There were 160,900 deaths in the past year, up by 3,100 deaths from the year to December 2016.
Natural increase for the year ended 31 December 2017 was 147,500 people, up by 0.9 per cent  or 1,300 people from the year to December 2016.
Industry Employment
Employment rose by 57,900 in the three months to May after a gain of 60,600 in the previous three months.
Over the past 12 months, 307,600 people have found jobs, down from 415,900 in the 12 months to February – near the largest annual increase on record. A record 12.54 million Aussies are employed.
Over the quarter, employment rose most in Public Administration and Safety (up 88,900), Manufacturing (up 41,100), Professional, Scientific and Technical Services (up 29,100) and Accommodation and Food Services (up 22,700).
In the quarter, the number of jobs fell by the most in Transport, Postal and Warehousing (down 29,300), Retail Trade (down 29,100), Education and Training (down 28,600), Health Care and Social Assistance (down 26,000) and Construction (down 20,000).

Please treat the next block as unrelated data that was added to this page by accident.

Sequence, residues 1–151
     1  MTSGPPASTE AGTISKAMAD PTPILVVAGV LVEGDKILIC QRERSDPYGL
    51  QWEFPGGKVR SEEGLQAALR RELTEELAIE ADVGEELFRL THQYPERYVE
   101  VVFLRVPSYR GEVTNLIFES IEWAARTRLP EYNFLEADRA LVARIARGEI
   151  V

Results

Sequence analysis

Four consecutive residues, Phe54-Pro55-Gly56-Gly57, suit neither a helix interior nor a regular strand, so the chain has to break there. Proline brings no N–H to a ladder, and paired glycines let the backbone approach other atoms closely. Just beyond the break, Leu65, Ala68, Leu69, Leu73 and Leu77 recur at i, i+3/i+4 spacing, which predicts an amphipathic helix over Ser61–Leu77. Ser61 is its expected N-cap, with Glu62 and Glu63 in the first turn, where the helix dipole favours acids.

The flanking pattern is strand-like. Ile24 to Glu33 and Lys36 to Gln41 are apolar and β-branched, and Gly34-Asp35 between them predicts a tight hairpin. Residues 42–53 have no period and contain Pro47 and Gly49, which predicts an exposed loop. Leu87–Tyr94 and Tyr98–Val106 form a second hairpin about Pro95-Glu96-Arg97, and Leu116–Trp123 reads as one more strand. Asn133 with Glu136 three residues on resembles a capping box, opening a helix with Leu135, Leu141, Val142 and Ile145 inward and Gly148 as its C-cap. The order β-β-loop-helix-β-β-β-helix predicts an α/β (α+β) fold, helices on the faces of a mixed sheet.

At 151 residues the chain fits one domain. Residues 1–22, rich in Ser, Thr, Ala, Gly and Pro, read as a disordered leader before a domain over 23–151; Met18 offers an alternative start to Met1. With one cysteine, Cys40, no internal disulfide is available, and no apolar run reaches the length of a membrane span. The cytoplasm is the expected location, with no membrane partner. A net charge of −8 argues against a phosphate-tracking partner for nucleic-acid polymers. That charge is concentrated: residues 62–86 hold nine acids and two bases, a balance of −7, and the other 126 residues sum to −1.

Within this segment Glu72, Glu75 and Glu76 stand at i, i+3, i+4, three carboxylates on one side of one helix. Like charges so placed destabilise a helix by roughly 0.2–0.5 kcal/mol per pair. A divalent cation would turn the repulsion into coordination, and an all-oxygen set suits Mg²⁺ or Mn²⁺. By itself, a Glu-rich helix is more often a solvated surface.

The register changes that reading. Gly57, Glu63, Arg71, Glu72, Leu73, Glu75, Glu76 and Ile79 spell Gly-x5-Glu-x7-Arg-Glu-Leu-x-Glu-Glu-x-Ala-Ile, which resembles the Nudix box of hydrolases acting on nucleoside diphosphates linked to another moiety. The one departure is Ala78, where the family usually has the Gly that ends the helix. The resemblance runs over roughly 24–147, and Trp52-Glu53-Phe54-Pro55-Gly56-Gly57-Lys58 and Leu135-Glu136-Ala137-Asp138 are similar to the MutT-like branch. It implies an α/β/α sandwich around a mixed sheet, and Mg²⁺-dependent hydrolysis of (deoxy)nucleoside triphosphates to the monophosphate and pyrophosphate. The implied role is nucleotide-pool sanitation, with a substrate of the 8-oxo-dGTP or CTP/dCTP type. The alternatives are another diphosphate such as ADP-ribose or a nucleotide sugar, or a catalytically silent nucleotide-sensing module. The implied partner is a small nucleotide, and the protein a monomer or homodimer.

Over the year to May, 16 out of 19 sectors added jobs. The strongest gains were in Manufacturing (up 63,100), Professional, Scientific and Technical Services (up 52,700), Construction (up 47,100) and Health Care and Social Assistance (up 39,200).
Three sectors shed jobs over the past year including Transport, Postal and Warehousing (down 30,000), Other Services (down 28,900) and Retail Trade (down 400).
Health Care and Social Assistance remains the biggest employer with 1.7 million employees (13.3 per cent of the total) followed by Retail Trade (1.3 million jobs or 10.2 per cent), Construction (1.2 million or 9.4 per cent) and Education and Training (1.0 million or 8.0 per cent). 
Detailed Employment
In the year to May, 57.5 per cent of those aged 60-64 years and 13.9 per cent of those aged 65 years and over were in the job market – both record highs.
At the same time that the participation of seniors are reaching new highs, younger Aussies are looking for work. But participation in the workforce of those between 15-19 years fell to 6-month lows of 54.7 per cent (year to May 2018). Workforce participation of those 20-24 years rose to 78.8 per cent in May, up from 78.6 per cent in April.
A greater proportion of young married women are also in work. In the year to May, an average of 75.6 per cent of married women aged 25-34 years were in the workforce – a record high.